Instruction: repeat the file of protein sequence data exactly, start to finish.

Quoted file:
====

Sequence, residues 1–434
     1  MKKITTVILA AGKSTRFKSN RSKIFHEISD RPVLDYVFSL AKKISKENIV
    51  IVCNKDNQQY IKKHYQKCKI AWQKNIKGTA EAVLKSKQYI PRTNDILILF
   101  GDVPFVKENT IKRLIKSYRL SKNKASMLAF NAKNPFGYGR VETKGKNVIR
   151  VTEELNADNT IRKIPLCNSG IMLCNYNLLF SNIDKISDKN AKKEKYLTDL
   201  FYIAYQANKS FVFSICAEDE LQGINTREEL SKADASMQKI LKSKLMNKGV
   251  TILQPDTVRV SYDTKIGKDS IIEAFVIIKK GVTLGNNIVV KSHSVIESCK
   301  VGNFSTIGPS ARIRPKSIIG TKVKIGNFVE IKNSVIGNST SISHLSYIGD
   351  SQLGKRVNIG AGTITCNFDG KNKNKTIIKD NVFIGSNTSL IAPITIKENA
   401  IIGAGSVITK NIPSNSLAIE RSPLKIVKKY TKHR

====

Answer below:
Sequence, residues 1–434
     1  MKKITTVILA AGKSTRFKSN RSKIFHEISD RPVLDYVFSL AKKISKENIV
    51  IVCNKDNQQY IKKHYQKCKI AWQKNIKGTA EAVLKSKQYI PRTNDILILF
   101  GDVPFVKENT IKRLIKSYRL SKNKASMLAF NAKNPFGYGR VETKGKNVIR
   151  VTEELNADNT IRKIPLCNSG IMLCNYNLLF SNIDKISDKN AKKEKYLTDL
   201  FYIAYQANKS FVFSICAEDE LQGINTREEL SKADASMQKI LKSKLMNKGV
   251  TILQPDTVRV SYDTKIGKDS IIEAFVIIKK GVTLGNNIVV KSHSVIESCK
   301  VGNFSTIGPS ARIRPKSIIG TKVKIGNFVE IKNSVIGNST SISHLSYIGD
   351  SQLGKRVNIG AGTITCNFDG KNKNKTIIKD NVFIGSNTSL IAPITIKENA
   401  IIGAGSVITK NIPSNSLAIE RSPLKIVKKY TKHR